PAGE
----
By: Sid Bhatia, Vice President and General Manager, Middle East and Turkey, Dataiku
The region’s artificial intelligence industry is heating up. Not only has the United Arab Emirates already appointed a Minister of State for Artificial Intelligence – and has become the first country to do so – but other nations are now making AI history. Smart city projects are underway and PwC estimates the Middle East as a whole could be home to a US$320 billion AI market by the end of the decade.
Numbers like these are signs that AI has been accepted. The need to compete, following the region’s duel with the COVID pandemic, has resulted in many more project launches. But are the right moves being made? To what extent do companies succeed or fail? The UAE’s attention to state-level AI is an indicator of the promise of some technologies to provide some kind of creator economy, but innovators should be wary of throwing the technology on challenges and to expect her to stay.
Here, we look at a sample of best practices that can support the successful adoption of AI. We will see how AI is successful “everyday AI” and that a culture must be created to support the integration and exploitation of technologies that can be so easily misunderstood and misapplied.
The short term: high impact and return on investment
For those with high expectations and little understanding of the underlying technology, AI may disappoint. So, IT leaders hoping to create an AI culture must combine managing expectations with delivering a series of quick wins that excite, or at least intrigue, business leaders. Computers don’t have years to do it. In the few months since declaring that the company is now on its way to AI, they have to convince critics, turning distrust into acceptance and skepticism into belief.
Quick wins come from selecting a small sample of use cases that can be high impact but are relatively simple to implement. This can be tricky if an organization is late in the AI game, as many easy-to-implement use cases won’t have an impact if they’ve already become the norm in the AI world. industry. It is therefore essential to quantify, to the extent possible, the level of impact that an implementation will have, in order to manage expectations.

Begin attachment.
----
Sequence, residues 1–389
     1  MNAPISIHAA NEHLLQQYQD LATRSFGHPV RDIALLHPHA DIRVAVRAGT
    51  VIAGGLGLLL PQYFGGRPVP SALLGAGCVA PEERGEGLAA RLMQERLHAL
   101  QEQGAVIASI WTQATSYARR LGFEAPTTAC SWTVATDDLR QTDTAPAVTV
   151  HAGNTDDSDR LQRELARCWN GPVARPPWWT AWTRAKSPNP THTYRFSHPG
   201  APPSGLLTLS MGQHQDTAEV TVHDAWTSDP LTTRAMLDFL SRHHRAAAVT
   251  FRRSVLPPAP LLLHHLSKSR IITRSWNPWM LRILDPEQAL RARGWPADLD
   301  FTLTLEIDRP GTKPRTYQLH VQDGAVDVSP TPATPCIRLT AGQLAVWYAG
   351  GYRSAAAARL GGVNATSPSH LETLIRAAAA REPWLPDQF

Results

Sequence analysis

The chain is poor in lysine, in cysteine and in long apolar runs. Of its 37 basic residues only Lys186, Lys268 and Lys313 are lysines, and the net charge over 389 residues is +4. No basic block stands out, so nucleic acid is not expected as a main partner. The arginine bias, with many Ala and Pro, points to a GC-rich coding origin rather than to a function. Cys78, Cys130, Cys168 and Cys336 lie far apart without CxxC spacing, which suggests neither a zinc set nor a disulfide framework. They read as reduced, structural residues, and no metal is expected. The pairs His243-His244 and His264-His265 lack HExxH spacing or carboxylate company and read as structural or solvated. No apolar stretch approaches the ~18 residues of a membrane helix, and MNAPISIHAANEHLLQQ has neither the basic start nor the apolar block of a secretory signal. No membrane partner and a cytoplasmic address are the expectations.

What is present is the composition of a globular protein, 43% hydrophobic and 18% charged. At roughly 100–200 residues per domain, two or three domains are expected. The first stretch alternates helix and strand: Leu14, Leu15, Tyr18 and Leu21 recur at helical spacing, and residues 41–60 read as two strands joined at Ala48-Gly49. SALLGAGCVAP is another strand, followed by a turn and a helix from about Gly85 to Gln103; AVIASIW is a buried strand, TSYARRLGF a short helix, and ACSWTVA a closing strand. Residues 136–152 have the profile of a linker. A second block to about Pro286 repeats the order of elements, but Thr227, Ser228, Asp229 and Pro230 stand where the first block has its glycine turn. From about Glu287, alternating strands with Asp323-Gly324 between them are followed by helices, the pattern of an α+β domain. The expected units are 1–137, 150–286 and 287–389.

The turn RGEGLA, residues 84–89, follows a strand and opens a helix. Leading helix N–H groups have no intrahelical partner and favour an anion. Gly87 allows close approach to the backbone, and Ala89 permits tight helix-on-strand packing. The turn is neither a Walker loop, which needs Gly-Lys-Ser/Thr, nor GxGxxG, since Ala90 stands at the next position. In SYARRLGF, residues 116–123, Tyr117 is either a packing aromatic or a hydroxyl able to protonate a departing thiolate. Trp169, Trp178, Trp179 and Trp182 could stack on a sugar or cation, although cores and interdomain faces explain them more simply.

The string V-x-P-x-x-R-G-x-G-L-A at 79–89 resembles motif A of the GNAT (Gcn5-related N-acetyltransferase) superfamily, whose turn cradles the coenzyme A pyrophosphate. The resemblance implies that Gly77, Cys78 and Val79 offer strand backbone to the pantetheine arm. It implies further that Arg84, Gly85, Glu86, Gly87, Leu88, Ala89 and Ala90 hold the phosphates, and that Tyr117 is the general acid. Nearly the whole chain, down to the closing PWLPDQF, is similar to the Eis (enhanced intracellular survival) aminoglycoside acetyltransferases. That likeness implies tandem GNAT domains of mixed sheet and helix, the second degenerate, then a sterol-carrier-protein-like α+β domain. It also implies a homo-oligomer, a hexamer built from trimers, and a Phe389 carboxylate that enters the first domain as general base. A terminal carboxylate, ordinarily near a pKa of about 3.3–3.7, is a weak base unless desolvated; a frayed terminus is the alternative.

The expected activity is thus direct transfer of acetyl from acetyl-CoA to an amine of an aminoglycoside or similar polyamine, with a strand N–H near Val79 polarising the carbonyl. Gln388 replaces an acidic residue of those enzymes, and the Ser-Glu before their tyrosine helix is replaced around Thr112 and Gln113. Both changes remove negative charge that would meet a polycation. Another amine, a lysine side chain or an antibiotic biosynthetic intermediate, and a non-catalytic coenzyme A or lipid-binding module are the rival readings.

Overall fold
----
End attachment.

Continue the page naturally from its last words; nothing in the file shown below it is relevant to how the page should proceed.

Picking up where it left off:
If you succeed quickly, you will have the opportunity to build on these solutions and reuse them across business functions, creating business impact and winning hearts and minds. If done well, the company’s early adopters become AI ambassadors, sharing their successes and encouraging others.
The long term: transformation at scale
Once the culture is established, IT leaders can look to the future, identifying other opportunities for business impact. When we talk about scaling with AI, we mean AI projects need to sync with business strategy. Companies that reach this stage have left experimentation behind. The company has already adapted to the presence of AI technologies and AI has proven to be a reliable tool for making an impact.
Now is the time for AI to be harnessed as a driver of long-term value. To do this, people and data must come together to ensure that everyone in the hierarchy can add value at all times using the everyday AI they have come to know and trust.
Robust AI governance will be important when an organization reaches this level of maturity. This does not just extend to its data, which must be properly catalogued, in terms of responsible parties and what they are allowed to do with it. Security, compliance, data quality, data architecture, and metadata management are all important, but data science, machine learning, and AI present a range of use cases that may not not be covered by existing data governance standards. AI governance should cover responsible AI, which is as much about algorithms and their results (and actions emanating from those results) as it is about the data itself.
Successful AI implementation will involve finding ways to make AI governance and agile AI culture co-exist on a day-to-day basis. And part of the culture change will be the adoption of new methodologies that inject governance and politics into the development process. MLOps, for example, is gaining traction because of its ability to reduce risk and oil the wheels of implementation.
learn and grow
Of course, none of this happens overnight. Users must learn, developers must learn, managers must learn. Everyday AI requires a lot of information from an organization at all levels of its operations. Training should be as thoughtful as culture building. Each employee must learn what they need and no more, to avoid wasting time and resources. Courses should be personalized and staggered and include instruction on governance standards, culture, and soft and technical skills. Non-technical staff should emerge ready to design data projects and even implement them.
Few successes happen by chance. They usually require shrewd planning and a clear vision of the goal. By breaking down the journey to everyday AI into short- and long-term phases, stakeholders can focus on what AI can do for them today rather than worrying about unrealistic ambitions that have little chance of success.
The right use cases at the right time can put a business on the right path. The right story in the right ear can also be a boon. Applying this approach as a roadmap means not wasting time and resources trying to overcome the realities to achieve the impractical. Patience and strategy will win.